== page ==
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If a calorie is a calorie, why do we see this?



  • estherpotter1
    estherpotter1 Posts: 131 Member
    lettuce calories would be better than weightloss than fat or sugar calories.
  • lemurcat2
    lemurcat2 Posts: 7,870 Member
    just_Tomek wrote: »
    lettuce calories would be better than weightloss than fat or sugar calories.

    For weight loss???? Absolutely not. For nutritional value, yeap.

    Eh, I think an avocado or some nuts (high fat) compare perfectly well to, say, iceberg lettuce for nutritional value.

    Even a banana (high sugar) does.

    Of course, I'm all for a diet that includes nuts, avocado, bananas, and lettuce (I like boston lettuce, it's yum, with some spinach and watercress, perhaps). Also, many other greens, fruits and veg, and sources of protein and fat.
  • Jruzer
    Jruzer Posts: 3,501 Member
    lettuce calories would be better than weightloss than fat or sugar calories.

  • happysquidmuffin
    happysquidmuffin Posts: 526 Member
    SezxyStef wrote: »
    Only 30 people? Then it sounds like statistical anomalies and math threw off the data. Not a big enough study to be accurate. The data is just fluff. Especially if their calorie intake wasn’t controlled every day!
    erickirb wrote: »
    Did both groups have the same maintenance cals. if one was higher (BF group) and ate the same cals as the other group they would be expected to lose more. the other possible reason, as noted before, is that bigger breakfast could lead to a higher NEAT.


    Plus time of day of weigh-ins...plus the set number of calories allegedly eaten, plus - if it were this simple I'm pretty sure we all would have done this.

    It's still about calories, not bogus 30 sample "studies."

    Just for clarity it was over 90 and they were split into groups...not just 30 people in total.

    Thank you, didn’t know it was 90 total. But that’s still only 45 or 30 people per group, so the data is hardly relevant. Needs to be 200+ people each for control group and differing groups, so that each person only contributes half a percent to each category of data. Just my opinion. That way the math doesn’t skew the data out of whack, and less of a chance that a few crazy outliers skew the data too.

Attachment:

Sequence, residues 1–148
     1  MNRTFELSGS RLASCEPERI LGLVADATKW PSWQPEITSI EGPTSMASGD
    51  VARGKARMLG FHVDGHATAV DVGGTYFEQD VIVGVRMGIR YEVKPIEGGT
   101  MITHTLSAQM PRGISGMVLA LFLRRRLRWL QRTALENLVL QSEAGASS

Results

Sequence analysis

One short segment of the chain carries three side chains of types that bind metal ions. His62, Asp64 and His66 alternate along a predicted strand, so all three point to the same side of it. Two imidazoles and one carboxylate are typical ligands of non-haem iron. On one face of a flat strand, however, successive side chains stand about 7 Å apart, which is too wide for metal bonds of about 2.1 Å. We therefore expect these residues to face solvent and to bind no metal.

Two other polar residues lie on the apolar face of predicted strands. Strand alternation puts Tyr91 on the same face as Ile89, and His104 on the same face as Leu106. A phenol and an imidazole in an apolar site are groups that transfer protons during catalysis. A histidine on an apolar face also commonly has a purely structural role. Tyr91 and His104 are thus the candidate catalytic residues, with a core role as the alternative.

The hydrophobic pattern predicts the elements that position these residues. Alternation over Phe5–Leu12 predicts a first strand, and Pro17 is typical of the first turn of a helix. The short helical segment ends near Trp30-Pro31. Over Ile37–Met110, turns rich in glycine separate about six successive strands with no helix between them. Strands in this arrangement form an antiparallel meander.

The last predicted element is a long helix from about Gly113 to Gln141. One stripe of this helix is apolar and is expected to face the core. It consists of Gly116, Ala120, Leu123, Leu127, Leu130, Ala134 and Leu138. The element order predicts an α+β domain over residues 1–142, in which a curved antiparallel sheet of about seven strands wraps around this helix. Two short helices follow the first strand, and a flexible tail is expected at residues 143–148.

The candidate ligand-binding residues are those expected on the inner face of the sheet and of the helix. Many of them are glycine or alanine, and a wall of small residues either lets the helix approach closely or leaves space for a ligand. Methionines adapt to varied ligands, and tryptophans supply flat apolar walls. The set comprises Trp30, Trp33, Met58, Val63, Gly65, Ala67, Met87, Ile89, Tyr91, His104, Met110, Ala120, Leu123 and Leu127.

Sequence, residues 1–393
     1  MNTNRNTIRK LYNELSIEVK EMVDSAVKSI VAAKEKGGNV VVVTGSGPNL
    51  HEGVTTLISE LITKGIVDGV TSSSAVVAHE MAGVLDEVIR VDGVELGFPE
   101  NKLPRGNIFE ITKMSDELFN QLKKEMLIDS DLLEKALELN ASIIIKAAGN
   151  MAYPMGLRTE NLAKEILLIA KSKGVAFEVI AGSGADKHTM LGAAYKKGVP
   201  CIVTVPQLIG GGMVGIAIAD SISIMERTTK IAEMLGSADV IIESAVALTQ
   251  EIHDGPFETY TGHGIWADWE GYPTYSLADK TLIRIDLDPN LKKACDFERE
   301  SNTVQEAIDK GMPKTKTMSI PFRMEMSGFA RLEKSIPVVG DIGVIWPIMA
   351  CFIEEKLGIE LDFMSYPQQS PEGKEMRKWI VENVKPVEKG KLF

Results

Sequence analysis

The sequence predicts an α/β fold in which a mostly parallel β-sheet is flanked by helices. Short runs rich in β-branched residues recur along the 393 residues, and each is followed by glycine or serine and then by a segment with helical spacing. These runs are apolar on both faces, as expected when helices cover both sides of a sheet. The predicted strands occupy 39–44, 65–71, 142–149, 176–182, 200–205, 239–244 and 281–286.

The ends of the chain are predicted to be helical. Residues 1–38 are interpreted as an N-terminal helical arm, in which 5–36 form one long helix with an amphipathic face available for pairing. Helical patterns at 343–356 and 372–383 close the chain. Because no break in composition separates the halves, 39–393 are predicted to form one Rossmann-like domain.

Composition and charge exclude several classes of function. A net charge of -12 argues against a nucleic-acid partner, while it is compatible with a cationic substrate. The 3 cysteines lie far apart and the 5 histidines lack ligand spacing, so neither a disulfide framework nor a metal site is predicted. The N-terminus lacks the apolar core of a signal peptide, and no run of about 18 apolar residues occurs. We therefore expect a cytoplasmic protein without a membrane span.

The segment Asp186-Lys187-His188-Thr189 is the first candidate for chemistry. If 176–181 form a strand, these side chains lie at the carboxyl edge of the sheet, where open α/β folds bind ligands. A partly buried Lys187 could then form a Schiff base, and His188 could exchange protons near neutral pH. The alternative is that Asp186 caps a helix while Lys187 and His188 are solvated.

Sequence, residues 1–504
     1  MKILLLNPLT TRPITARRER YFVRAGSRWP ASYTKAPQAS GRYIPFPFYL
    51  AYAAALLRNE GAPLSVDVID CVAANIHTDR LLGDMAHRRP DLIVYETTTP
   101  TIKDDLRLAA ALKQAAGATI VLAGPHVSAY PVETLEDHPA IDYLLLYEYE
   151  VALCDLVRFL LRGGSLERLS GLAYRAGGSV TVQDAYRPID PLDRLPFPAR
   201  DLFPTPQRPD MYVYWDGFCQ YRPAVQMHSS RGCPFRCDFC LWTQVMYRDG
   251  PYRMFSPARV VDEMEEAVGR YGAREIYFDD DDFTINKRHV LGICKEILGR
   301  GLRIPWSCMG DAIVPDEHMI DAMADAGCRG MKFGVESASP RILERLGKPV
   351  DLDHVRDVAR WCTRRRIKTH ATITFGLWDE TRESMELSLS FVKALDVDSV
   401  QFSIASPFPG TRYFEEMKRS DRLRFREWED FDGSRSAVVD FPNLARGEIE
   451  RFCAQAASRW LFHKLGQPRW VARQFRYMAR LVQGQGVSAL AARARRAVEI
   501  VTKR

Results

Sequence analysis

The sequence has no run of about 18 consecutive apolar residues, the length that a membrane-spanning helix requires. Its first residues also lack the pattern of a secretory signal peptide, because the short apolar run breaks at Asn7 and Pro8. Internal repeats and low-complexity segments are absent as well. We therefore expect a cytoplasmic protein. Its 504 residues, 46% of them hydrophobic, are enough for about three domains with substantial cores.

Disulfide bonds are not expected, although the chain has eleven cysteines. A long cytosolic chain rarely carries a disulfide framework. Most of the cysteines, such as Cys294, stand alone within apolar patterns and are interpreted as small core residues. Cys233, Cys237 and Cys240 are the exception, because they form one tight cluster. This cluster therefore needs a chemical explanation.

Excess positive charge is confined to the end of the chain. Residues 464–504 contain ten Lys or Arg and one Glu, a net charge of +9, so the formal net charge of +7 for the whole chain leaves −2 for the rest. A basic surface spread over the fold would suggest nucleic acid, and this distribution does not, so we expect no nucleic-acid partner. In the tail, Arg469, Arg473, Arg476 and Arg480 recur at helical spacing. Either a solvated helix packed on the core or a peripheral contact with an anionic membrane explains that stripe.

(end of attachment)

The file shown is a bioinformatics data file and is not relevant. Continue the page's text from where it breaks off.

• GaleHawkins
    GaleHawkins Posts: 8,161 Member
    edited January 2020
    lettuce calories would be better than weight loss than fat or sugar calories.

    @estherpotter1 while this can vary from person to person the question I now ask what will this or that type calorie do to help or harm the make up of my gut microbiome?

    Unless it is planned obesity there has to be some type of health issue for obesity to occur. The gut microbiome is one of many factors in mammal health.

    In my case for 40 years after each weigh loss I would sooner or later have a 100%+ regain so at 63 I said to heck with weight loss and started working to get more healthy and have better lab results. That was in 2014 when I changed my Way Of Eating without any weight loss objective and eating to never go hungry I accidentally lost 50 pounds without considering how many calories I ate but focused on eating calories that gave me better health and better health markers on my lab tests. That is how I proved in my case the WOE make up of the right kind of calories (that varies from person to person) was more important to me than the number of calories. I did not know about the gut microbiome at that time.

    The freedom to eat all I want has changed me both physically and mentally for the better. In 2020 the 50 pound weight loss has not return since it went away in 2015. My new WOE quickly reduced my pain from Ankylosing Spondylitis (arthritis) starting in 2014 so I was able to avoid starting on Enbrel injections for pain management.

    If interested read up on the ways one's gut microbiome can change what our bodies do with a calorie after we eat it.

    Calories are always a factor but seldom ever the primary cause of long term weight gains or losses.


  • SnifterPug
    SnifterPug Posts: 746 Member

    I am in no way advocating the red wine diet, and the study itself points out that for social drinkers alcohol calories should be treated as normal calories. Nevertheless, it would appear that a calorie is not always a calorie.

    I also recommend a new book just out by a bariatric surgeon who has been exploring why people become overweight and obese and has some very interesting things to say:

    Why We Eat (Too Much) by Dr Andrew Jenkinson
  • VictoriaTuel
    VictoriaTuel Posts: 1,604 Member
    My main issue with these results is that they don't account for food weight at all. When I eat dinner late I weigh more in the morning regardless of whether I ate more or less calories that day. Sometimes the difference can be as much as 4-5lb depending on the type of food I ate.

    The people who ate a larger breakfast had an inherent advantage in supposed weight loss because when they woke up, they (allegedly) hadn't eaten more than 700 calories in the past 16 or so hours. Their bodies had plenty of time to use or get rid of the food they ate, but the large dinner group had eaten 1200 calories in that time frame. There was no point in the day where they hadn't just eaten or eaten less than 700 calories in the past 16 hours. There was simply no comparable time for them to weigh in.